The Harper and The Minstrel areJay and Abby Michaels
Music from the past sung and played on a variety of traditional plucked, bowed, hammered and woodwind instruments.
The Harper and The Minstrel specialize in beautiful ayres and ballads, but are quite adept at jigs, reels & dances. Their vast repertoire includes unique arrangements of music ranging from medieval Spain’s 13th century Cantgas de Santa Maria to the music of Elizabethan era English lutenist John Dowland to 17th Century Irish harper Turlough O’Carolan to the music of Sting, the Beatles and much more.
This discussion will focus on global, national and local impacts from rapidly warming climate and what actions are happening and need to happen in order to mitigate the worst scenarios.
Richard Delaney is the President and CEO of the Center for Coastal Studies. Previously, he served as founding Director of the Urban Harbors Institute at University of Massachusetts Boston; Assistant Secretary of Environmental Affairs and Director of the Massachusetts Coastal Zone Management Program. He is an officer in the Global Ocean Forum and has organized international “Ocean Days” at many climate conferences including the Paris Climate Conference in 2015. He is also founding President of the Cape Cod Climate Change Collaborative.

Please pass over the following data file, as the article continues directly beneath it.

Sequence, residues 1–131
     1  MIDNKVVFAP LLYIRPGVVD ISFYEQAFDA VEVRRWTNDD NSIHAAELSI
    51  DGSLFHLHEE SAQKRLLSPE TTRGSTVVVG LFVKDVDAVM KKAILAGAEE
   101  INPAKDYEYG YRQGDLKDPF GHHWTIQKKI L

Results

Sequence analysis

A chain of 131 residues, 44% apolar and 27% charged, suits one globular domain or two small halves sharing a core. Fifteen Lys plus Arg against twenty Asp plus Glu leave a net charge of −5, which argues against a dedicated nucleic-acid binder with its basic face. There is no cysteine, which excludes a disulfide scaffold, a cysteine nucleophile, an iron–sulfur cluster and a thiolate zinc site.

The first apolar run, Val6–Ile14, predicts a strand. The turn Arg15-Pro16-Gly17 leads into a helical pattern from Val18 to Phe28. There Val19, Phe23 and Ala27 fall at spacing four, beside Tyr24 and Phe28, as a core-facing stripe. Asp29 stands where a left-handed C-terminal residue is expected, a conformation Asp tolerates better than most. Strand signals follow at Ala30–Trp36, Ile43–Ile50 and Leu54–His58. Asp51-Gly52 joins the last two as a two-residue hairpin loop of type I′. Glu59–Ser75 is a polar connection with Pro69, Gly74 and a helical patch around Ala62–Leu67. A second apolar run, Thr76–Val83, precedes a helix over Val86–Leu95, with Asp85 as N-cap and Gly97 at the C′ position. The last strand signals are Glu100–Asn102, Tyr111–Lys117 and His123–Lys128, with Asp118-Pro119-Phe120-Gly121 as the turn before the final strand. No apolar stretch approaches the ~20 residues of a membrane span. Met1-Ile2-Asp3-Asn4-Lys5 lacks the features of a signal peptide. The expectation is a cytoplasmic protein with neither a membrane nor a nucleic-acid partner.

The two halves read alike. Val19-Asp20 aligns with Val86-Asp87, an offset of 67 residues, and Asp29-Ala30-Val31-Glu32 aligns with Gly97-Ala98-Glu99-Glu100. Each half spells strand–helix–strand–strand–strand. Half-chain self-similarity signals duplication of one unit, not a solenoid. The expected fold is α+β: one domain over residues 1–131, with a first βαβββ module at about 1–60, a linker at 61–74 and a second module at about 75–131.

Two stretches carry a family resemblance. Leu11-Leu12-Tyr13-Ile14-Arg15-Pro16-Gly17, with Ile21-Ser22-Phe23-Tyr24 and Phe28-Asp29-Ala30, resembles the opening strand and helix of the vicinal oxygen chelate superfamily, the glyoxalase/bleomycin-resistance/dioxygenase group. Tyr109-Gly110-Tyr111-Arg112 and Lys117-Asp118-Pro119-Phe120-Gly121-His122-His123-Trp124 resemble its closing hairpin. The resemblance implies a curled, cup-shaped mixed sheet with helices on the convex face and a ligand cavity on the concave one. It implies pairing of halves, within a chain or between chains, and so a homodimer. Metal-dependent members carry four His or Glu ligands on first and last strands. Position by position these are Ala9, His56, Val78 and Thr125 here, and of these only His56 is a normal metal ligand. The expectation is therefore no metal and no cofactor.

Aisling Gainer presents “Chair Yoga with a Bit of Ireland”
Aisling explains: “My love for dance and movement is where I found my love of yoga. Raised in Ireland and growing up an Irish dancer, it was brilliant to find a practice less jarring on my joints. Through the deeper connection with breath, yoga has made me a happier, healthier, and saner human being. I receive inspiration by all those who have struggled in any way and still find a way to say ‘thank you’ and mean it.”
Aisling’s program for us will involve movement, music, and instruction as she shares with us her love of yoga and its abilities to heal and transform.